Making sure to choose the right novel to meet each of these requirements is important. While there is less risk of ‘triggering’ by reading the ‘wrong’ novel in regards to homesickness – as opposed to with conditions such as anxiety, depression, or PTSD – our requirements will vary depending upon our situation and our needs. We might be looking for identification with characters, in order to find representation of our experiences. Alternatively, it might be insight that we desire, in an effort to confront our homesickness head-on by finding coping mechanisms or a shift in perspective. Or maybe it is catharsis that we are looking to find – a chance to connect with characters more generally or an opportunity to laugh and alleviate some of the physical distress caused by feelings of homesickness. The following section talks through book recommendations that fall into each of these categories. While they are obviously not personalised exactly to your needs, they are a starting point – a signpost toward the lists that you can continue to create for yourself.
These fictional works all centralise characters and situations that overlap with the experience and/or symptoms of homesickness. The process of identification with a text is believed to increase a reader’s capacity for empathy and compassion toward individuals and scenarios as represented in fiction and, by extension, the ability to better understand personal suffering.
The Parisian by Isabella Hammad
Isabella Hammad’s The Parisian has already established itself as one of my favourite books of the year. A poignant examination of life across cultures, the novel follows Midhat Kamal, a teenager from Palestine, as he moves to France. Taking place at a time of significant global conflict – a conflict that, post-World War I, cements itself in the battle for self-determination in Palestine – Midhat grapples with adaptation on both sides of the ocean. In France, Midhat battles with his ‘otherness’, attempting to determine how to best ingratiate himself with his new compatriots and navigate the significant cultural differences of this European world. Upon his return to Palestine, however, Midhat is similarly consigned to life as an outsider – too ‘European’, at a time when Palestinian identity is the question at the centre of social and political life. This novel is a fantastic examination of what it means to live life in the chasms of cultural identity – set apart through the ‘too much’ and ‘too little’ that has come to characterise a personal sense of belonging.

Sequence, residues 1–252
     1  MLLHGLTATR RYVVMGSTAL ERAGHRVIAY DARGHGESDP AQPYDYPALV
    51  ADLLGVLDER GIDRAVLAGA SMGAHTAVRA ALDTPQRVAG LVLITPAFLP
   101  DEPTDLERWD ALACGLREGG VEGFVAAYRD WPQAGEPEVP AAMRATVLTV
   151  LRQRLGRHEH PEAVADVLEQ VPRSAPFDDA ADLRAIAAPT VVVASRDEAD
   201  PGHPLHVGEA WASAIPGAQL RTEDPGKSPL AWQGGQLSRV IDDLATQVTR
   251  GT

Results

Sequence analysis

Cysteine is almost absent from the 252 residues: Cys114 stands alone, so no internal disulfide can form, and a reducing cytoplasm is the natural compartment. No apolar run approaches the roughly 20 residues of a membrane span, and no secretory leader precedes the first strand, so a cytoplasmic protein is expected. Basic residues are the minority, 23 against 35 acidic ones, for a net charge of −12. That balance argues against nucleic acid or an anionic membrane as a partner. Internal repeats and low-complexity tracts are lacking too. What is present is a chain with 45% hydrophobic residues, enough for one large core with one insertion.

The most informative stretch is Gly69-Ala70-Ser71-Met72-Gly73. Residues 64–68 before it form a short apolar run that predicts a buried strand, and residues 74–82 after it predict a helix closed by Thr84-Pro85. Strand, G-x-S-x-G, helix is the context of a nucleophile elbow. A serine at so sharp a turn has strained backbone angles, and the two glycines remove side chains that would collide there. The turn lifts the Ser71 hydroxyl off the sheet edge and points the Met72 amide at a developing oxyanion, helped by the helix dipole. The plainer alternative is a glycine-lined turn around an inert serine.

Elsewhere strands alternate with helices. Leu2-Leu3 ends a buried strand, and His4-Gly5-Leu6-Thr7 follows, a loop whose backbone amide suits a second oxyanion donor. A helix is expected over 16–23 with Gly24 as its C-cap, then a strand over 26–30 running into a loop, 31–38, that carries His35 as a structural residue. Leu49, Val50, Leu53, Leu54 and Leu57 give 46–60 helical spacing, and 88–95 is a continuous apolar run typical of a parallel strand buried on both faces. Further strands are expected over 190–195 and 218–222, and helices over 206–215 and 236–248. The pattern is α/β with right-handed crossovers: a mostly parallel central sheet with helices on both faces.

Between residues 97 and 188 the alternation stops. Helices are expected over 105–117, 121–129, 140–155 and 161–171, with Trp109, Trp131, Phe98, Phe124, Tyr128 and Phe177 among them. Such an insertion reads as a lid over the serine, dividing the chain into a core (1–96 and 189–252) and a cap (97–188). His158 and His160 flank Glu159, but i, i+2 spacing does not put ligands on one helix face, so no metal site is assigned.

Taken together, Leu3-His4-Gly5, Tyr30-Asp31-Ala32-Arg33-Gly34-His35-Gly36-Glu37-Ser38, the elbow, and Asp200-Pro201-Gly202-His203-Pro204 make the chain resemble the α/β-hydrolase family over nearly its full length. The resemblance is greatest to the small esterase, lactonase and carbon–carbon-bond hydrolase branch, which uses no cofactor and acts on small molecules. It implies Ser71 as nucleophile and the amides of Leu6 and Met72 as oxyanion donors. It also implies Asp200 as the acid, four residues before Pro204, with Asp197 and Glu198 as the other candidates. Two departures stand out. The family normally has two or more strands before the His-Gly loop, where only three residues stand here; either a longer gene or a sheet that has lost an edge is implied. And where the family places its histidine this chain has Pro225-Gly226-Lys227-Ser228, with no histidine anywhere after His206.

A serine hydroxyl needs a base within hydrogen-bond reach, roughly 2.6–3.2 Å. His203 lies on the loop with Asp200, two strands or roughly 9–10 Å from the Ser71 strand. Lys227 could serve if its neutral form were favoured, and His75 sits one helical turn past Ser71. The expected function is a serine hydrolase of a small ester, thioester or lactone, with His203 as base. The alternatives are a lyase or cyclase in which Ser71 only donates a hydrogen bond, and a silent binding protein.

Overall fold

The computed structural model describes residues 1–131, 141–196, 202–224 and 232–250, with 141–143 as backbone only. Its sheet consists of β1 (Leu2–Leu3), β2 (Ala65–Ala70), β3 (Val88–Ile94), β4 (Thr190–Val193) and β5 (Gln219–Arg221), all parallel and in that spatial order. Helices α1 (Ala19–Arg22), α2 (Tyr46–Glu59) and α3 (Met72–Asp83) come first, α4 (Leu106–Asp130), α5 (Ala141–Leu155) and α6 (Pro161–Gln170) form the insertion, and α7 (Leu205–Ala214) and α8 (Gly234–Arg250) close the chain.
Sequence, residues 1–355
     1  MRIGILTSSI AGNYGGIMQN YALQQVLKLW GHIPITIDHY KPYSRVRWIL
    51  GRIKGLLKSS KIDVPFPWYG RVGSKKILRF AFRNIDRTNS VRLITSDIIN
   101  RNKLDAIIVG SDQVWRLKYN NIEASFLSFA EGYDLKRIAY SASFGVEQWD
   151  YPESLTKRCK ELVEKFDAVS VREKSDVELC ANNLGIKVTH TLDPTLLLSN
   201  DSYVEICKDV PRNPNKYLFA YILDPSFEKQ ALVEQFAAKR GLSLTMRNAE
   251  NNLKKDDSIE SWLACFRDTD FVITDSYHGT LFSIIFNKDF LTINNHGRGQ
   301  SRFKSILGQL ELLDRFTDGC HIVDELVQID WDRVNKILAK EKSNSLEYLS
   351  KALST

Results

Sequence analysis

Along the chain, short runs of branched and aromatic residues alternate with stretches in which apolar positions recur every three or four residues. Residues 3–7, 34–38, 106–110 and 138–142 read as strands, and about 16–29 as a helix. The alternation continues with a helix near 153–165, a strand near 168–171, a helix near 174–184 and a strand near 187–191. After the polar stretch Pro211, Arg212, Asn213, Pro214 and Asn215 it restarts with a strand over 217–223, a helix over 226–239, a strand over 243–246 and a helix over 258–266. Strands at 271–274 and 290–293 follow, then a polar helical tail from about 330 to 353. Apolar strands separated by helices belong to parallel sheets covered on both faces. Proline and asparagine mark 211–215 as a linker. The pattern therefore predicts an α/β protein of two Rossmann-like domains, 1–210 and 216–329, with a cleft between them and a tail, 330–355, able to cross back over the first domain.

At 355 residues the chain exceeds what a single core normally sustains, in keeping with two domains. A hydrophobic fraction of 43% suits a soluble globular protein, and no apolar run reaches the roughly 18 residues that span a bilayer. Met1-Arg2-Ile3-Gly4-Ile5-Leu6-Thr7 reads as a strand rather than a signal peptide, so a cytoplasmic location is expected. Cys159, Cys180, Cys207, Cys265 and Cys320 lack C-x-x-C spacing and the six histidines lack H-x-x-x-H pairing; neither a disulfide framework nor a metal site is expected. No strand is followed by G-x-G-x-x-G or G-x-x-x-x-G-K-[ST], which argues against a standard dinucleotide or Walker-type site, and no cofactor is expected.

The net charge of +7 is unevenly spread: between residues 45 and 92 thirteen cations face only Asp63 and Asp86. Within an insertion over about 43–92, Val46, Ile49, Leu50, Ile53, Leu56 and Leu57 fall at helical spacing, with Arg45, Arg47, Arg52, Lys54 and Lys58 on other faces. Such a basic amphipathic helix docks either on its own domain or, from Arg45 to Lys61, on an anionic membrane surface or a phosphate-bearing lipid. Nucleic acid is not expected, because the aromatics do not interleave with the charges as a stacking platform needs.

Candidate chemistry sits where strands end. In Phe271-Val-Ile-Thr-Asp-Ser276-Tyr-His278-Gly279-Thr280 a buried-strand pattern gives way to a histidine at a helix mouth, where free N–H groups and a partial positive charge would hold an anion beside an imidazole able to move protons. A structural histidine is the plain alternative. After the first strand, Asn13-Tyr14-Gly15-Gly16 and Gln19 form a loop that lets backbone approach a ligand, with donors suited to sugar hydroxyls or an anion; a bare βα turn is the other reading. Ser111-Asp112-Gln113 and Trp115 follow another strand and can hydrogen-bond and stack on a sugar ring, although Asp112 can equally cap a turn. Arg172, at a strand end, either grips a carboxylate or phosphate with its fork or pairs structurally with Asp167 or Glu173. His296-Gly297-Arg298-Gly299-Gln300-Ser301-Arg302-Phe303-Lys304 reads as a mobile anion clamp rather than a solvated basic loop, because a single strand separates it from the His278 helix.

Americanah by Chimamanda Ngozi Adichie
I first read Americanah in the midst of one of my transcontinental moves and it has remained a touchstone for my battles with homesickness ever since. Chimamanda Ngozi Adichie is a master at conjuring the particularities of cultural difference that so often exacerbate – and feed from – feelings of homesickness. In Americanah, Adichie considers two transcultural moves. Set primarily in Lagos, Nigeria, Ifemelu and Obinze are two teenagers in love. As political strife threatens their futures, however, both Ifemelu and Obinze look to escape. Ifemelu leaves for the US as a student, finding herself subjected to the particular kinds of racial distinctions and racism that exist – both explicitly and as products of systemic prejudice – in America. Obinze is unable to follow her. He instead moves to the UK, living illegally once his initial visa expires. Here, Obinze is subject to a different kind of cultural experience – living on the fringes, with the shame imposed by a society unprepared to make space for him.